The Great Lesson VII – Criticism of letter 7

I find the back and forth about who really loved who or who loved an apparition instead of the person tiresome. The flatness of Perlman’s character development is apparent here and I don’t love Letters of Insurgents because the characters are plausible. I love Letters of Insurgents because of the way that the ideas are validated by the characters and situations in the book. I don’t think a more skilled novelist would have made Letters of Insurgents a better book. They would have made a different book with different emphasis, different political bias (of course), and different themes. They would have made a better story but it would have had flattened the sophisticated political problems that I, and most of my peers, have experienced. This lack of character development isn’t the biggest problem I have with the book.

The concern I have with the presentation of Letters of Insurgents is that it is entirely played straight. It loses touch with what I consider to be the first rule of politics. Have a sense of humor about everything you do, especially a desire to change the world. Perhaps this first principle outs me as either an anarchist or a counter revolutionary but fuck it. Political people (by any definition) who take themselves seriously are at the heart of the misery of the 20th century. They are the keepers of the flame of our future misery and should be confronted, with merriment and absurdity, at every turn.

Why do I draw such a linkage between humor and radical politics? Perhaps I see people at their best as imaginative creatures. As passionate about their projectuality as the people they love. I imagine, to the extent to which they aren’t just walking carcasses, that people have the capacity to be creators, destroyers, builders, and story tellers. Time without property or rule would be filled with stories and projects on the scale of people. No more pyramids build for the vanity of pharaohs. Imagination is generative. It is not consumed through use nor finite. Unlike the scarcity of economic thinking, social engineering, and urban planning, imagination is affirmative. Ribaldry, Irony, Sarcasm, Play would join their natural allies Story, Modeling, and Song as the flavors of daily life. Every day a feast!

I’ll restate the question and answer. Radical politics is the expressed desire, and possible plan, to transform society at its root. To tear down the fundamental characteristics of a social body and rebuild them again with an entirely different set of fundamentals. To take such an absurd idea seriously, as something that should be considered beyond a polite dinner conversation, takes a certain kind of personality. I call this person a dreamer but perhaps fanatic, fool, and monster can be just as accurate descriptions. To want such a dramatic thing, to devote one’s life to such a thing, requires a kind of extremism regardless of the exact term we use to describe it. To maintain such extremism one must create the internal mechanisms by which their (human) needs can still be met while their (political) desires are not met (or even approached). This often, perhaps usually, creates humorless creatures. You see them at protests against the horrors of this world wearing faces of intense sadness. They are fighting the good fight, on the long march, but are sickly, unhappy, tortured creatures. I apologize for standing in such judgment of this kind of honest approach but I can’t favor one form of self-torture over another. Politics as obligation, to observe horror, to protest ineffectively, to state the obvious loudly, isn’t qualitatively different to me than a life of suburban consumerism, daily commutes to soulless workplaces, and nuclear family mediocrity. All of these choices are the honest survivals mechanisms by possibly good people who aren’t sparks. They are not igniters, of passion, of change, or of bridges.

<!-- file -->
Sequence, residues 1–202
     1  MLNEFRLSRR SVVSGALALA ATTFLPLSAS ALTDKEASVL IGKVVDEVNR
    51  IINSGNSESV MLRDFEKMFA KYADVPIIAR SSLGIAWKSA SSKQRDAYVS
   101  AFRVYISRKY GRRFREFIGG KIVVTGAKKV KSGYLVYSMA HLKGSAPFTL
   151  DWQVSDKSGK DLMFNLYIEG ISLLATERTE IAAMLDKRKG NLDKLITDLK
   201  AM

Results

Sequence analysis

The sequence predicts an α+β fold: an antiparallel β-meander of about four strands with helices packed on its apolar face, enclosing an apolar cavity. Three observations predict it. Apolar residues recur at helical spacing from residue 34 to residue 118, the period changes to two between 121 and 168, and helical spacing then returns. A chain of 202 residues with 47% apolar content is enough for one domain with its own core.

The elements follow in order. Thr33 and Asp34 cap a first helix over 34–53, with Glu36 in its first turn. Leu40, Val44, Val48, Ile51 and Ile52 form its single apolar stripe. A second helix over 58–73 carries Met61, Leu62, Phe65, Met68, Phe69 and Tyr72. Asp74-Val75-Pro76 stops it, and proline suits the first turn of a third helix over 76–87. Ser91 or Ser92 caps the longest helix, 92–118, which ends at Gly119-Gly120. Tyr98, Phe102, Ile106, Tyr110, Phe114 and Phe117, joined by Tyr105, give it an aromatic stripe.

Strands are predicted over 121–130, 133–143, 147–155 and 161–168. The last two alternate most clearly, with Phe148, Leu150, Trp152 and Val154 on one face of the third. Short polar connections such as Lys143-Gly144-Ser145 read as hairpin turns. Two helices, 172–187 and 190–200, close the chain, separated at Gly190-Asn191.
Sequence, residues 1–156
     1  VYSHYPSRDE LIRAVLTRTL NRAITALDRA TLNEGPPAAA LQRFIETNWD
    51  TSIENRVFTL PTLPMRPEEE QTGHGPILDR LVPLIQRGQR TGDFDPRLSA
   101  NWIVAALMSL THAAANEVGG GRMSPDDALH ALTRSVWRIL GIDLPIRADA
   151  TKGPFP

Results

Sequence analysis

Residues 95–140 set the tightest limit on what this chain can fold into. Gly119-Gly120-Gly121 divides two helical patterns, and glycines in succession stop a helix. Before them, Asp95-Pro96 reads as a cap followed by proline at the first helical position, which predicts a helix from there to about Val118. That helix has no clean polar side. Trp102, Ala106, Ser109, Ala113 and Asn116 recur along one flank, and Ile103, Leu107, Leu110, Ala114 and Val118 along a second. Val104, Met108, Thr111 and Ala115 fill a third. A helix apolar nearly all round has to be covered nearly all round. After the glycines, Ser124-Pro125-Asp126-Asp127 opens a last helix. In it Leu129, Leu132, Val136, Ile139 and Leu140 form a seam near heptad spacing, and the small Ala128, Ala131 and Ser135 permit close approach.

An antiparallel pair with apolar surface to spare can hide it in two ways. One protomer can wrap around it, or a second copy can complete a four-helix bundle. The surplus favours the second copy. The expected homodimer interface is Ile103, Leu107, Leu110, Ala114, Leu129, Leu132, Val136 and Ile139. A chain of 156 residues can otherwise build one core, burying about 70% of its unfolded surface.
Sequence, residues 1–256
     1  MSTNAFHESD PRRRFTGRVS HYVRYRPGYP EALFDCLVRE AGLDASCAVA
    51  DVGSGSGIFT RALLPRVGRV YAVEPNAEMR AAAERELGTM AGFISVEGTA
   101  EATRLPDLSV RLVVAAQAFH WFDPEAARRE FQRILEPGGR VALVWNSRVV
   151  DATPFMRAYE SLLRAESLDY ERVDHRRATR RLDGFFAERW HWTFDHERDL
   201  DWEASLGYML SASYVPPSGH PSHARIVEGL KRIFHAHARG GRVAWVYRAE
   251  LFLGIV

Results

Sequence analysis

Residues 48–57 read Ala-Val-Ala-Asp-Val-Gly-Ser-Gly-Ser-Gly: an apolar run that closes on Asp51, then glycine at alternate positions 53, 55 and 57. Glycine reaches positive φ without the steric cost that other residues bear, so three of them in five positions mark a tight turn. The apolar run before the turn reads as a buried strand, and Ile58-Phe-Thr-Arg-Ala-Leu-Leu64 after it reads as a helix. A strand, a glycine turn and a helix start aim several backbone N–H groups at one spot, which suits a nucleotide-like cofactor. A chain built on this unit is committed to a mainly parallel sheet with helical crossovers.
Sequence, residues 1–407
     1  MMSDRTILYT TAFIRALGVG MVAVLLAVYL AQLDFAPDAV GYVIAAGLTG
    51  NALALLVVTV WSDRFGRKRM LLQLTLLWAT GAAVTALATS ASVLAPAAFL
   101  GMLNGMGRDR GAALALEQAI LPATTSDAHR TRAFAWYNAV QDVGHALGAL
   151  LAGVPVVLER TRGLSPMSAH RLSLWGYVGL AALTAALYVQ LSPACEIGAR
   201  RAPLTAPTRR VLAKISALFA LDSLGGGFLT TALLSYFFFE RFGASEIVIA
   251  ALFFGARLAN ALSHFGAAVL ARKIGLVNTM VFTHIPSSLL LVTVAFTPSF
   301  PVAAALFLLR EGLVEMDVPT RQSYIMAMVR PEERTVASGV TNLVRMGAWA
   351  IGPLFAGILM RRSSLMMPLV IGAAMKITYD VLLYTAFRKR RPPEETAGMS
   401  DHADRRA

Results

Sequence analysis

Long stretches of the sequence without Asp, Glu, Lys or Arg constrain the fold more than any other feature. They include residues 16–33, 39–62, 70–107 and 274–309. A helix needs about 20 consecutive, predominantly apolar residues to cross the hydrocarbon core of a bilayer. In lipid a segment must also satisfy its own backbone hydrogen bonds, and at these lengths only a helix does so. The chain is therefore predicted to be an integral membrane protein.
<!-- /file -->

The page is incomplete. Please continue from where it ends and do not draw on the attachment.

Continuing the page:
But the sadness of humorless people is not the reason for the necessity of a sense of humor in radicals. Humor isn’t a central characteristic of the humane project of social transformation because it is warm and cuddly but because it is impossible. Radical social change is absolutely and entirely impossible. The reason why this is so is a laundry list a mile long and a league wide. Embarking on such an endeavor is more than enough to demonstrate insanity (in the Einsteinian sense of the term) and the only way to survive insanity is to laugh at it. Laugh at the conditions you are in, laugh at the feeble attempts we are capable of making against them, laugh at our hubris for doing them anyway, laugh at ourselves for believing that a life without compromise is the life worth living.

This laughter does not ring out in the pages on dancing, or in any of the explication of occupations or factory takeovers. It should, because as any participant in any of those things knows, the joy of a strike or an orgy is expressed in laughter or not at all.

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